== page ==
The Akko 1 shipwreck is the remains of an eastern Mediterranean naval or auxiliary brig, which was found inside the ancient harbor of Akko, Israel. The shipwreck and finds were recorded underwater, and some of the ship components, along with the majority of the finds, were retrieved and analyzed. A Bayesian dating model, incorporating 14C wiggle-matching of the ship timbers, tree-ring analysis, and 14C dates from short-lived finds, is used to model the ship's construction and wrecking dates. These new data, combined with the results of archaeological research and available historical records, suggest that the ship was built during the first third of the 19th century as part of Muhammad Ali's fleet. Akko 1 then possibly plied the eastern Mediterranean under the Egyptian flag during the First Egyptian-Ottoman War in 1831-1833. The wrecking event apparently occurred during the 1840 naval bombardment of Akko. This is the first time that 14C wiggle-matching and Bayesian analyses have been used to date the construction and wrecking of a shipwreck in the southeastern Mediterranean. The results show that Bayesian analysis and 14C wiggle-matching techniques are valuable tools for analyzing the region's shipwrecks, including those from recent historical periods.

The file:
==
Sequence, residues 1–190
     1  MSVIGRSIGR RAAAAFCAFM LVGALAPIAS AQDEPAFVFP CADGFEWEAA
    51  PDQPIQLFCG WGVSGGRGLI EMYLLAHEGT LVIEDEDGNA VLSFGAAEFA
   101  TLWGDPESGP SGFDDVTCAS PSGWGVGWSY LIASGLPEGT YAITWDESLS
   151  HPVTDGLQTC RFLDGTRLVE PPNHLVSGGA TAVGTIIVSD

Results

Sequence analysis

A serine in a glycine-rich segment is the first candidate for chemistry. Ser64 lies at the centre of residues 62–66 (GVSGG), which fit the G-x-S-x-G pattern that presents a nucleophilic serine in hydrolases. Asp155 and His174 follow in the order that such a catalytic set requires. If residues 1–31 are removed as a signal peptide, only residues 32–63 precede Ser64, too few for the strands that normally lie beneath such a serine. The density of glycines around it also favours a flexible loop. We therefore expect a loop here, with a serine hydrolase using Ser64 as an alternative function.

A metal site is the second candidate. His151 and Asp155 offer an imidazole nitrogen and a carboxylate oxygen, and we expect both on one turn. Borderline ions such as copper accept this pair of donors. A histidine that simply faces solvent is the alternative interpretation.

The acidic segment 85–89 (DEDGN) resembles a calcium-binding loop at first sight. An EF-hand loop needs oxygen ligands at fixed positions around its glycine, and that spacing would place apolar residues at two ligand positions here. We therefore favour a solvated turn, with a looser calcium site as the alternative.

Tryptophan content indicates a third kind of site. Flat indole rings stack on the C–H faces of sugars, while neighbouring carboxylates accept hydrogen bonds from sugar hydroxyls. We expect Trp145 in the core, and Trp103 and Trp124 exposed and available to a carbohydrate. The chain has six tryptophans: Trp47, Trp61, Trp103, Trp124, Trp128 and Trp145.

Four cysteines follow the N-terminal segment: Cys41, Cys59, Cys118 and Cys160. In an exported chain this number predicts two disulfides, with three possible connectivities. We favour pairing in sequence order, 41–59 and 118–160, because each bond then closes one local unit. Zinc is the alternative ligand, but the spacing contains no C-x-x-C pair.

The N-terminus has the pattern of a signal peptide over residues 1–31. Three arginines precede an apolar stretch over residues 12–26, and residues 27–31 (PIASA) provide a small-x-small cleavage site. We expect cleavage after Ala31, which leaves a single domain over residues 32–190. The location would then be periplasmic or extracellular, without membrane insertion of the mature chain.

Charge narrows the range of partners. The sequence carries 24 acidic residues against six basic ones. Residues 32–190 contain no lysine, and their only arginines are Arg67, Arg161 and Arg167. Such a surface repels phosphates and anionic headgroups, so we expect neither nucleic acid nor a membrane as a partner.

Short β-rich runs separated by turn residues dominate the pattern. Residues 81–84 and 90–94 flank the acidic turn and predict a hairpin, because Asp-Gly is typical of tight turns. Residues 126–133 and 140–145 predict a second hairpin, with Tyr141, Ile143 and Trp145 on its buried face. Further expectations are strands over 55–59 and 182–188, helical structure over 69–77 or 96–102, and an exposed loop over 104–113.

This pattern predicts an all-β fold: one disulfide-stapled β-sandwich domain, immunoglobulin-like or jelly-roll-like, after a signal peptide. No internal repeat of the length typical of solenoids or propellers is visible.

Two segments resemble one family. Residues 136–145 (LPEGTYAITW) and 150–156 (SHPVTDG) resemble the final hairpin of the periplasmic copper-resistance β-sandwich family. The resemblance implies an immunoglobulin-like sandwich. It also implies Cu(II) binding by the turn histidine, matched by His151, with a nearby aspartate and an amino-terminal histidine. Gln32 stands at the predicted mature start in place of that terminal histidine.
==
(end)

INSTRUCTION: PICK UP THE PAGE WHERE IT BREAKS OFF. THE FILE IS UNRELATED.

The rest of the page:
Bibliographical noteFunding Information:
Dendrochronological research at the Malcolm and Carolyn Wiener Laboratory for Aegean and Near Eastern Dendrochronology at Cornell University is supported by generous contributions by the Malcolm H. Wiener Foundation , the National Science Foundation , and numerous individual patrons of the Aegean Dendrochronology Project.
The underwater excavation and research of the Akko 1 shipwreck were supported by Ron Marlar, the Yaacov Salomon Foundation , the Halpern Foundation, a Sir Maurice Hatter Fellowship , the Hecht Trust , the Jewish National Fund , anonymous donors, and the President, Rector, Dean and Faculty of Humanities, University of Haifa, to whom we are grateful.
- Akko 1 shipwreck
- Egyptian-Ottoman Wars
- Historical archeology
- Muhammad Ali Pasha
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